Look Both Ways

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Look Both Ways
Look Both Ways Australian Poster.png
Promotional poster
Directed by Sarah Watt
Produced by Andrew Myer
Barbara Masel
Bridget Ikin
Vicki Sugars
Written by Sarah Watt
Starring William McInnes
Justine Clarke
Anthony Hayes
Music by Amanda Brown
Cinematography Ray Argall
Edited by Denise Haratzis
Distributed by Madman Entertainment (Australia)
Release date(s) 18 August 2005 (2005-08-18)
Running time 100 minutes
Country Australia
Language English
Box office $2,490,011[1]

Look Both Ways is a 2005 Australian independent film, written and directed by Sarah Watt, starring an ensemble cast, which was released on 18 August 2005. The film was supported by the Adelaide Film Festival fund and opened the 2005 festival. It won four AFI Awards, including Best Film and Best Direction. The film was selected as a film text by the Victorian Curriculum and Assessment Authority for the VCE English Course from 2007 to 2010.[2]

Plot[edit]

The film charts the stories of several people over a hot summer weekend in Adelaide. Photojournalist Nick (William McInnes) discovers he has testicular cancer that has spread to his lungs. On his way home he goes to the site of a train accident to report on it, and meets Meryl (Justine Clarke) an emotionally vulnerable artist, who has witnessed a man get run over by a train. Over the course of the weekend, their relationship develops sexually as another chance encounter allows them to discover more about each other; the two gradually allow themselves to let go of their fears and form a meaningful relationship.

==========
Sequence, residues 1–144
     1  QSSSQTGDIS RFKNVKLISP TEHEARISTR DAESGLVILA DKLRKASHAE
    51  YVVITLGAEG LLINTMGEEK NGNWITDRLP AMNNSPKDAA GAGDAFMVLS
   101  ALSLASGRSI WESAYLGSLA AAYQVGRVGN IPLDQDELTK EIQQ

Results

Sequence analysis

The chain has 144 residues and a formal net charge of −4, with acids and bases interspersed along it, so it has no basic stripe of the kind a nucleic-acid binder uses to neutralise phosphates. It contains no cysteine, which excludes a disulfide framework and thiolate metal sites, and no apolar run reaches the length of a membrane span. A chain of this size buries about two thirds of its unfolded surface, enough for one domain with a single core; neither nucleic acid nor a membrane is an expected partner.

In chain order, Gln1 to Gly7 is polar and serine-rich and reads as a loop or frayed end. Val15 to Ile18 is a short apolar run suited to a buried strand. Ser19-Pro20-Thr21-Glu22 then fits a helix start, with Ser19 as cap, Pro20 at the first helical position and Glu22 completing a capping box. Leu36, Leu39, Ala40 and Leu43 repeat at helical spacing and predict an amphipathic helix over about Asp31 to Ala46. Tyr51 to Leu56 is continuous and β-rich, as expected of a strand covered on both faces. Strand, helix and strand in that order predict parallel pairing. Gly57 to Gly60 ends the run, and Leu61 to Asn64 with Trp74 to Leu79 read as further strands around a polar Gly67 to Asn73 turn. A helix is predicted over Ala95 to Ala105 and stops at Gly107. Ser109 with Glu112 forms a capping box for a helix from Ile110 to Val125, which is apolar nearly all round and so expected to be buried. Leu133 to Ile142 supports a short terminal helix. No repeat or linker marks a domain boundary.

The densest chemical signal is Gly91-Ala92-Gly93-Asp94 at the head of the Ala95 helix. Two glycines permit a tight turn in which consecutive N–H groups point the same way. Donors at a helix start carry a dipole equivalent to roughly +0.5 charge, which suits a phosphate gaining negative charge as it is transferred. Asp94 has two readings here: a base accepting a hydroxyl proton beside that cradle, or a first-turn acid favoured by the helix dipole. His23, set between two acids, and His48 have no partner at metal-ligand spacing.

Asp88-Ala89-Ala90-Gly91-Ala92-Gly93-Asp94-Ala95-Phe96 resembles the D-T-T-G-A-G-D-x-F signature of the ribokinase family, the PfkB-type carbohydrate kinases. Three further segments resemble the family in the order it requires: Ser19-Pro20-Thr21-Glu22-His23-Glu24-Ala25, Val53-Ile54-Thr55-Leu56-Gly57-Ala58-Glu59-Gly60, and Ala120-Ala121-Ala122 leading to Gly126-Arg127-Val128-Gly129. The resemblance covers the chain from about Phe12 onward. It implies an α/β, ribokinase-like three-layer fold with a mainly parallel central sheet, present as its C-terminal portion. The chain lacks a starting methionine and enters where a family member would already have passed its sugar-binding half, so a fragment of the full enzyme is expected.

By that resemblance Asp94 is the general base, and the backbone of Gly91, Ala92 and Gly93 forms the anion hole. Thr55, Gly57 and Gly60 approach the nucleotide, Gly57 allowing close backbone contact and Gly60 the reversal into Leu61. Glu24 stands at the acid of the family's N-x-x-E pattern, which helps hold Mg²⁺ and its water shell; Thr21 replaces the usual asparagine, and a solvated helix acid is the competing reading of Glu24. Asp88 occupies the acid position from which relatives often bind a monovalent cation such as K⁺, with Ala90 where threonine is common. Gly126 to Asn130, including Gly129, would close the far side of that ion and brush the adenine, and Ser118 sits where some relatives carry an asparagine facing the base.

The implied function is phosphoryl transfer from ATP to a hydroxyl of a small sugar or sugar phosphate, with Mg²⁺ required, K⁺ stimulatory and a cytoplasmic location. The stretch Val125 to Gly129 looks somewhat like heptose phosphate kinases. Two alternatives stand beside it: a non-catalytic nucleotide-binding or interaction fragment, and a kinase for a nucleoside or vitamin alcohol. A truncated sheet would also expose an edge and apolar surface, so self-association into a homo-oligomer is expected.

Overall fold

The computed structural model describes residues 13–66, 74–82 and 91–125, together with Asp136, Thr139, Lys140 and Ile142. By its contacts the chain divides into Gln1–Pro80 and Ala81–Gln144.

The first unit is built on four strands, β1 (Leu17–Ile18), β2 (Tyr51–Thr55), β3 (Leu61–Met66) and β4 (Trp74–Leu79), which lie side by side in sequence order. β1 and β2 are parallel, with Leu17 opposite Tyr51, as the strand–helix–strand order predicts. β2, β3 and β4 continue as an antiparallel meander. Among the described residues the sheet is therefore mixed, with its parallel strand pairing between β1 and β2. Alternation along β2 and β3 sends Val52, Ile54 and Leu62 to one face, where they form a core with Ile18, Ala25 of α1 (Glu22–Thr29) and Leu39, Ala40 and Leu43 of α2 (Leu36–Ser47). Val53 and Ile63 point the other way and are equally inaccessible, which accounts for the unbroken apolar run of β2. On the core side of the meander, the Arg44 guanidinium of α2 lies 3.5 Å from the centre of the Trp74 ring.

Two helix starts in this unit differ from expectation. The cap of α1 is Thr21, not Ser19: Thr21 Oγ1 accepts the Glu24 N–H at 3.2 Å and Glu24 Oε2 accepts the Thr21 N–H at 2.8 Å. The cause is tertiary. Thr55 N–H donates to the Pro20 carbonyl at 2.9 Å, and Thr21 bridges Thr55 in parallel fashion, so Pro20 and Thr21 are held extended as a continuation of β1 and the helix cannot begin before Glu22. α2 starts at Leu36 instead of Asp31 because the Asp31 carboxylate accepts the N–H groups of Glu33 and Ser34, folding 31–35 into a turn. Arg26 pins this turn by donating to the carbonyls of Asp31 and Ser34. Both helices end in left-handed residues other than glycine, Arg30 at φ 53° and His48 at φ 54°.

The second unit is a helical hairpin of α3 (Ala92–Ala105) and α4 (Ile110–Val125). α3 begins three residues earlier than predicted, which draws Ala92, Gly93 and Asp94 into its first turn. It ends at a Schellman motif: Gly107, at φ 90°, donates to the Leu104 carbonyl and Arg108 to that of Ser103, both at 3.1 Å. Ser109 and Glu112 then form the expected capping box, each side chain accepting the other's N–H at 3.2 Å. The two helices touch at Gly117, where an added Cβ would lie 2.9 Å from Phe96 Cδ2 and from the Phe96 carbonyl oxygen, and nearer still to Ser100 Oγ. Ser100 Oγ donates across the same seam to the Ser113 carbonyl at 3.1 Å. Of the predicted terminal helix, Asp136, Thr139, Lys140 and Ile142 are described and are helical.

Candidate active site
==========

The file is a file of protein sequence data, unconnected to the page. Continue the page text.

Meanwhile, Nick's colleague, Andy Walker, has to deal with the news that his estranged girlfriend, Anna, is pregnant, made more difficult because neither of them really wanted or planned for a baby. Andy also has to cope with his ex-wife, who doesn't trust his ability to take good care of his two children. The lives of Julia (the partner of the man run over by the train) and the driver of the train are explored: Both characters are shown going through the seven stages of grief. The train driver bridges the gap with his estranged teenage son during the course of the movie. The rain at the end of the film symbolizes relief.[3]

The films credits are complemented by a series of photographs showing Nick and Meryl staying together, eventually traveling together and Nick surviving cancer.

Cast[edit]

Awards[edit]

Box office[edit]

Look Both Ways grossed $2,969,712 at the box office in Australia.[4]

See also[edit]

References[edit]

  1. ^ ´"Look Both Ways (2006)". Box Office Mojo. Retrieved 2 August 2011. 
  2. ^ "Look Both Ways". Teaching Resources. Screen Hub Pty. Retrieved 22 November 2007. 
  3. ^ Stitson, Roger (18 August 2008). "Tracking life's disasters". The Age (Melbourne). Retrieved 25 April 2010. 
  4. ^ "Australian Films at the Australian Box Office". Film Victoria. Retrieved October 26, 2012. 

External links[edit]